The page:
Trace gas analysis in real-time using PTR-MS

On-line gas-phase detection and process monitoring

Volatile organic compounds (VOCs) are ubiquitous in the environment. As the term ‘volatile’ suggests, VOCs have a high vapour pressure and as such are typically present in the gas-phase at ambient temperatures. VOCs in the environment have manifold origins, but these can essentially be categorised as being either from biogenic emissions (plants, trees, organic matter, etc.) or from anthropogenic sources (manmade materials, fossil fuel burning, industrial processes, etc.). Despite a high degree of commonality of VOCs in the emissions of various sources, specific processes often result in the release of unique VOCs or VOC profiles. The detection, identification and monitoring of specific VOCs can therefore deliver key information about products, processes and people.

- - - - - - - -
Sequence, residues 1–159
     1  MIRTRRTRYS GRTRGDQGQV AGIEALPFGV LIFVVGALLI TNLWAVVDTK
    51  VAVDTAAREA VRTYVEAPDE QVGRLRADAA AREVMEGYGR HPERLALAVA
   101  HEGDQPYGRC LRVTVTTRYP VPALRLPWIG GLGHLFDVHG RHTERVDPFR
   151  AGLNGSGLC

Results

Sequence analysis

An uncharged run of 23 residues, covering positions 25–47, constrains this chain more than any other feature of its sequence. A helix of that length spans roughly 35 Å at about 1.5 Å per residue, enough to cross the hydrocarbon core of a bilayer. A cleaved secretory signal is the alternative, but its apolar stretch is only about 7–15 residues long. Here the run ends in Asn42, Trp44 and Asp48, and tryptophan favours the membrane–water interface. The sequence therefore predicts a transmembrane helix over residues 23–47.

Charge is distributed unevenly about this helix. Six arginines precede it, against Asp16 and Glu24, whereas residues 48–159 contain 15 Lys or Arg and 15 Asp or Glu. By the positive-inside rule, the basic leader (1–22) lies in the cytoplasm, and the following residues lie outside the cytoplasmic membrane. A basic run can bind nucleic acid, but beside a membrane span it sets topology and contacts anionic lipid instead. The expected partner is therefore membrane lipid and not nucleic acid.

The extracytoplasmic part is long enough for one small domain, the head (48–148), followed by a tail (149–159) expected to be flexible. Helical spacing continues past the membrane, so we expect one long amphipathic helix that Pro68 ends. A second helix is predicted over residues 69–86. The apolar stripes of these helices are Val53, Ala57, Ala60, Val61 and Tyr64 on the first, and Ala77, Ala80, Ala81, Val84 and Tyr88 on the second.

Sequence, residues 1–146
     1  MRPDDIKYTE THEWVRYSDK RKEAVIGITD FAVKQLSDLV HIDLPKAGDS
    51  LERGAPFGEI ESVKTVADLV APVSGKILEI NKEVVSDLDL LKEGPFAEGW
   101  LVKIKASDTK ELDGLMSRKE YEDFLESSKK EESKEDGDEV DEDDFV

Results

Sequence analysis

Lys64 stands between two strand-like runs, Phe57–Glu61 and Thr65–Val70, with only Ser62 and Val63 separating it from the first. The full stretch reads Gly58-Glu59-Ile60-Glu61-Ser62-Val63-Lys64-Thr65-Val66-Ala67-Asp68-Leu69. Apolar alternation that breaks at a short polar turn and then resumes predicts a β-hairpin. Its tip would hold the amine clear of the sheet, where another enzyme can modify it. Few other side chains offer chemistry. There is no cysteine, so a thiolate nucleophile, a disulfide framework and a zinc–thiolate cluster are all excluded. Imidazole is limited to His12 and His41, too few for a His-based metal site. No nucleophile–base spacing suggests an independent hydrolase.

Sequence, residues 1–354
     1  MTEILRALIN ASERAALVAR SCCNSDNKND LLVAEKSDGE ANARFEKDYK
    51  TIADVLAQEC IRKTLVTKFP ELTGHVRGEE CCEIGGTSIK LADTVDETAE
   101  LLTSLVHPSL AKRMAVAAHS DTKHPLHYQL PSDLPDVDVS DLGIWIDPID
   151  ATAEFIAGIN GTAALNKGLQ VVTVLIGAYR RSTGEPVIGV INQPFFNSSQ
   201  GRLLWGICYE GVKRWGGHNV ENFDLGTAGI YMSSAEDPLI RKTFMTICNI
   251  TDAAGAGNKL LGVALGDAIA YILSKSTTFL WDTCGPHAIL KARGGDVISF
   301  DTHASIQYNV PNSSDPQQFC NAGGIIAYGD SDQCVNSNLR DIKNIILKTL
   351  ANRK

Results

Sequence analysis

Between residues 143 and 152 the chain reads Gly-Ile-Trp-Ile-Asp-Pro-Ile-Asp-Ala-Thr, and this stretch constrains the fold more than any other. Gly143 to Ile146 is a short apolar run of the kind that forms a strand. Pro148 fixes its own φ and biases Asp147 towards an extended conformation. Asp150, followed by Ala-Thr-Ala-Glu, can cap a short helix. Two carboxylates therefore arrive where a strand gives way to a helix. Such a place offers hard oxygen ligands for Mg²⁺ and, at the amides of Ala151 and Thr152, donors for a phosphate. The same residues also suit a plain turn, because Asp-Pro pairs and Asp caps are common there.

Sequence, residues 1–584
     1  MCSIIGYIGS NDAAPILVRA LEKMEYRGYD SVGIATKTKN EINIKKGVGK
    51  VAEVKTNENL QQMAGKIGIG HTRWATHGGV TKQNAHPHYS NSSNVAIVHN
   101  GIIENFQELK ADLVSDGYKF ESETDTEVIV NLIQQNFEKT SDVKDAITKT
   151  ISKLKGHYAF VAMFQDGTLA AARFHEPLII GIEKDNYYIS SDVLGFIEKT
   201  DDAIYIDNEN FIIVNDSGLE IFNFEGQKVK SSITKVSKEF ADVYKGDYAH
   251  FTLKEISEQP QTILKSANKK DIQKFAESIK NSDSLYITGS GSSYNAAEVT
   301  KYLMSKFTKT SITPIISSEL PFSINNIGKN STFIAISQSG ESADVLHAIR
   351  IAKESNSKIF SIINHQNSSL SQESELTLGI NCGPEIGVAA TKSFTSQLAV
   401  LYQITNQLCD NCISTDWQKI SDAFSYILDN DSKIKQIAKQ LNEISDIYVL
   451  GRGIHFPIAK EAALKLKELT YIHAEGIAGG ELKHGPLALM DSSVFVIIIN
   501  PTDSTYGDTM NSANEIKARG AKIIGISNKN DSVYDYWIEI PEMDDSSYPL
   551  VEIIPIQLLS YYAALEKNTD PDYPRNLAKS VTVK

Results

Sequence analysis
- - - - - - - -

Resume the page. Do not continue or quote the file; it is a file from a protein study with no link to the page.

The Department of Sensory Analytics has extensive expertise and diverse state-of-the-art equipment for use in the on-line detection of gas-phase VOCs in all manner of applications. Specifically, we employ proton-transfer-reaction mass spectrometry (PTR-MS) and ion-mobility spectrometry (IMS) to detect and quantify VOCs in real-time. The former includes high sensitivity PTR-quadrupole-MS and high sensitivity, high resolution PTR-time-of-flight-MS (respectively, PTR-QMS and PTR-TOFMS) instruments, which are capable of monitoring discrete changes in the concentration of VOCs in real-time down to parts-per-trillion (pptv) levels.